The fine suspension designers at X-Fusion have been churning out MTB dampers since 1999, and we’re excited to have some of their most recent hydraulic goods around to test and review. This week we received the Trace 36 HLR fork, H3C Coil shock, and the Manic dropper post that we’ve seen on a handful of review bikes. We’ll share a full review of these components in a few months so please let us know if you have specific questions you’d like addressed in those coming articles.
Trace 36 HLR fork
An X-Fusion Trace 36 HLR gravity fork ($949 MSRP, currently on sale at Wiggle for $799) has all of the usual top-shelf trimmings: it’s Boosty, tapered, has 36mm stanchions, and uses a burly crown and bridge for maximum stiffness at an average weight of 2000 grams. There’s a massive thirty click low-speed rebound range under the rider’s right leg and both low- and high-speed adjusters up top. On the opposite side of the crown, a single Schrader valve fills both air spring chambers. Sound familiar?
The fork we’ll be testing is a 29″ x 170mm model with a 44mm offset, damped by the brand’s HLR sealed bladder cartridge. The recommended air pressure settings are notably low, suggesting that this damper might have a heavier tune than some. Alternatively, the pressure chart might be off base, as most of them tend to be. We’ll be sure to test their suggested settings first.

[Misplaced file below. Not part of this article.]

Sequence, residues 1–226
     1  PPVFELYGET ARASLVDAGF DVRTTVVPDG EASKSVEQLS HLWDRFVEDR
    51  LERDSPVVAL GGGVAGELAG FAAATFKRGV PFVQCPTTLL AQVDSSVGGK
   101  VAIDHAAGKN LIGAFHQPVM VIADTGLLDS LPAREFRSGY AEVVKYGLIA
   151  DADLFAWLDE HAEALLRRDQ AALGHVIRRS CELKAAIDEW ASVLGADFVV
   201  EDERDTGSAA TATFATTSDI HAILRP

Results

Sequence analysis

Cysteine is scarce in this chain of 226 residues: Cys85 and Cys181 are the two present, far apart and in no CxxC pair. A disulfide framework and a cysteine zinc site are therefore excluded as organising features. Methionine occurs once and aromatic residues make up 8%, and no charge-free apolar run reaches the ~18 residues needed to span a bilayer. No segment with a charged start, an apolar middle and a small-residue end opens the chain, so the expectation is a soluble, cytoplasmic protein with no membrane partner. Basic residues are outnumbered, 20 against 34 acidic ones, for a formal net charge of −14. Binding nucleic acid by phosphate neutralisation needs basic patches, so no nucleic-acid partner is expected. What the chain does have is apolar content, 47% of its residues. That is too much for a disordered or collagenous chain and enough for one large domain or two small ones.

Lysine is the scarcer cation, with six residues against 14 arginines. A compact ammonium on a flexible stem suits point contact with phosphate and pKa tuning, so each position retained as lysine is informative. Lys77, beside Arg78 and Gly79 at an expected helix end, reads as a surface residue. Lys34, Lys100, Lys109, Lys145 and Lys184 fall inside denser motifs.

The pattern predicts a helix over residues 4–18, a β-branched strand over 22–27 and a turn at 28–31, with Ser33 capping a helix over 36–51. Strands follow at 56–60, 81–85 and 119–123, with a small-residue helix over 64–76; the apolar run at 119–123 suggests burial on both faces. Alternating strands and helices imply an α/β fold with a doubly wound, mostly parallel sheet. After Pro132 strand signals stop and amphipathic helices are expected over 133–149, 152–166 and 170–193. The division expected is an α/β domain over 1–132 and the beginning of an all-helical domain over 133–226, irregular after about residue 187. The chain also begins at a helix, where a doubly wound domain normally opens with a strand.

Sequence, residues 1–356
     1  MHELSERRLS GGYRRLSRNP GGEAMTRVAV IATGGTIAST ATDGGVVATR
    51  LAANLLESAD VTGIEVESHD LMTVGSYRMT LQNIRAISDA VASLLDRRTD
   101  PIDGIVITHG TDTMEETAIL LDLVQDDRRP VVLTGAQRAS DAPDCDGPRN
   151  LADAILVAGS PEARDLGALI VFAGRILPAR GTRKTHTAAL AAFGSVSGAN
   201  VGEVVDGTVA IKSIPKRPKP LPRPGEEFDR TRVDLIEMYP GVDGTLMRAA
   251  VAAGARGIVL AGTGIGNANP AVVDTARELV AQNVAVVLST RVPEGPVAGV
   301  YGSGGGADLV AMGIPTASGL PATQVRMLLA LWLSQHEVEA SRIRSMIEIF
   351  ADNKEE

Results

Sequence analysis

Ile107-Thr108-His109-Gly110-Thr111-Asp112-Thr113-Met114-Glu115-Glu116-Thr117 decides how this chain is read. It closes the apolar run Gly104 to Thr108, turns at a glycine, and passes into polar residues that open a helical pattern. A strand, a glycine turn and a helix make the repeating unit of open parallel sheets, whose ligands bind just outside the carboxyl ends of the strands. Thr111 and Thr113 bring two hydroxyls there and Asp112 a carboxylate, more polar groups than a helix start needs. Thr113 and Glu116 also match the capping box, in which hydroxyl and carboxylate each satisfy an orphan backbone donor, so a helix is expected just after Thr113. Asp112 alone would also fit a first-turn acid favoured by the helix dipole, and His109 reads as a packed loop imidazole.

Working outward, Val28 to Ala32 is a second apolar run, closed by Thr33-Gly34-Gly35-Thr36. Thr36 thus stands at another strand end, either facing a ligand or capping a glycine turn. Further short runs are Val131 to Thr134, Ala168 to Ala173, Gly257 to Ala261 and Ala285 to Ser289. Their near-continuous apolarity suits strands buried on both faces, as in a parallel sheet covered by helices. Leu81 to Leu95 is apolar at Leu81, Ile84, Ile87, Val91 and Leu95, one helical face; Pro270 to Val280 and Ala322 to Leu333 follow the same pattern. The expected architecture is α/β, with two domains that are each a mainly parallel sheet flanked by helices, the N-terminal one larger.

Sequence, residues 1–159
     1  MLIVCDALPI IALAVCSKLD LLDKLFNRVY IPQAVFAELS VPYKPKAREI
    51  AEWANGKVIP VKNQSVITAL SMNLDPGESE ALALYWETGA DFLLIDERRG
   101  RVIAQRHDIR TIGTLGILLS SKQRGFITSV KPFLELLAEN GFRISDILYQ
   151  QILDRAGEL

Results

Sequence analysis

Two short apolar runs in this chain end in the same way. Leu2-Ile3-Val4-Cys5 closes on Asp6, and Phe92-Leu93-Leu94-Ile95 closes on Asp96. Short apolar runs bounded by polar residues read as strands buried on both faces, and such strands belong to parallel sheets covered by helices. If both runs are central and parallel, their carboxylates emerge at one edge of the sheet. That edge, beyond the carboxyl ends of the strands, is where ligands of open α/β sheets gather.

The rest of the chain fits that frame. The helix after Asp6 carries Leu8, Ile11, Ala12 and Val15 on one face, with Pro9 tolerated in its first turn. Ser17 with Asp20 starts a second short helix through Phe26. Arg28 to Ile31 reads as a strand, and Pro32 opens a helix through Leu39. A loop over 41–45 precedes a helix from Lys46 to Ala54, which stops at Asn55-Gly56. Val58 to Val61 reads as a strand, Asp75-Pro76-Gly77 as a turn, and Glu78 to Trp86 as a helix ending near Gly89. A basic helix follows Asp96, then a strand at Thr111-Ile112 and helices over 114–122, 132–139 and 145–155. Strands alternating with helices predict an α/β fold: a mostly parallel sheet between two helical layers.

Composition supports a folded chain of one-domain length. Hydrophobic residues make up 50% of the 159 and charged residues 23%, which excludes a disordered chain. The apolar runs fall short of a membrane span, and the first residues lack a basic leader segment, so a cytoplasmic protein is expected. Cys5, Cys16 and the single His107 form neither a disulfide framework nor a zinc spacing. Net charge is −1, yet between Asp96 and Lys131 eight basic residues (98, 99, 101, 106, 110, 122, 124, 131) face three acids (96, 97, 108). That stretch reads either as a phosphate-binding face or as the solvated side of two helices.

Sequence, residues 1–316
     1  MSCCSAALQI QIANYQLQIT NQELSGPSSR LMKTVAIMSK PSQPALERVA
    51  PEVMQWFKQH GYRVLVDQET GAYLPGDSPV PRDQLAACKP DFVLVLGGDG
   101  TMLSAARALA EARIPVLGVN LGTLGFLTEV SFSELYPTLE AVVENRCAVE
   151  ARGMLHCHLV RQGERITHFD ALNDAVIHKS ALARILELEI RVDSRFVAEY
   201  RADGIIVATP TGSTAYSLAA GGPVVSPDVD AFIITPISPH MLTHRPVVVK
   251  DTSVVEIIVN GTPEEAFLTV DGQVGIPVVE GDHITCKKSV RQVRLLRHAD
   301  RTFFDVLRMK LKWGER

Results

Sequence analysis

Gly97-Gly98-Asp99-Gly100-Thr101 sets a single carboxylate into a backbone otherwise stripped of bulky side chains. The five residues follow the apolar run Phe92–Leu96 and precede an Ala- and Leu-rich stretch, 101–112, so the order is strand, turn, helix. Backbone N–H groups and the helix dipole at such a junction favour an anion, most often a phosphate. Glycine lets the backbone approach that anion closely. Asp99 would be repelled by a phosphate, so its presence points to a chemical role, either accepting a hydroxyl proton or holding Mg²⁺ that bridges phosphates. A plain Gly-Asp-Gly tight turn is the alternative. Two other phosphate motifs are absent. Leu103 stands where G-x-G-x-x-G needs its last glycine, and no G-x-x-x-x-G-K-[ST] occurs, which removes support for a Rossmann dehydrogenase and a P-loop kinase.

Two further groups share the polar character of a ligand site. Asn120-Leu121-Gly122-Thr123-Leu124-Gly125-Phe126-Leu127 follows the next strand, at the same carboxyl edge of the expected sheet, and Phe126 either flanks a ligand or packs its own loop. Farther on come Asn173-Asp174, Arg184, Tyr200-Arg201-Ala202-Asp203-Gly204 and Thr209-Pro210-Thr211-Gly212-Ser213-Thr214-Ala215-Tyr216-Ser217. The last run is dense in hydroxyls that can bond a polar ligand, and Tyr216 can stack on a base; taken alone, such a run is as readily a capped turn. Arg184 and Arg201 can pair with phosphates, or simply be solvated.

With its “metric trunnion only” modern fittings, the H3C shock also resembles the best coil dampers on the market. It has both low-speed compression and rebound damping adjustments, a finger-friendly preload collar, and a three-position climb switch to firm things up. The external reservoir is smaller than the Formula Mod coil that we recently tested, opening up a little extra space in the front triangle.
The X-Fusion spring calculator recommended we use a 400lb. spring on the Privateer 161 test bike, but they sent a 450lb. spring installed so we’ll give that a go first. The shock has a relatively shallow bottom-out bumper and we’ll swap in the lighter spring to get an idea of what the final millimeters of stroke feel like.
Check out this video of Brian Lopes testing the HC3 in the mountains of Santa Cruz, California.
Manic dropper post
We have used the Manic dropper on countless review bikes, but never officially reviewed the post itself. It loses a few points on the initial install, as the cable clamps at the seat post knarp instead of a quicker and simpler lever clamp. While this is not a deal breaker, we’ve appreciated that most dropper designers have switched to remote cable clamps.
The 1X remote lever is super adjustable, and it feels great so far. It can’t be mated with brake levers, so you’ll need to find a spot on your control center that plays well with other clamps. The roughly $200 Manic dropper post is currently sold out just about everywhere, though we did find a couple odd sizes available at Amazon.
Remember to add your questions about these components in the comments section below so we can be sure to answer them.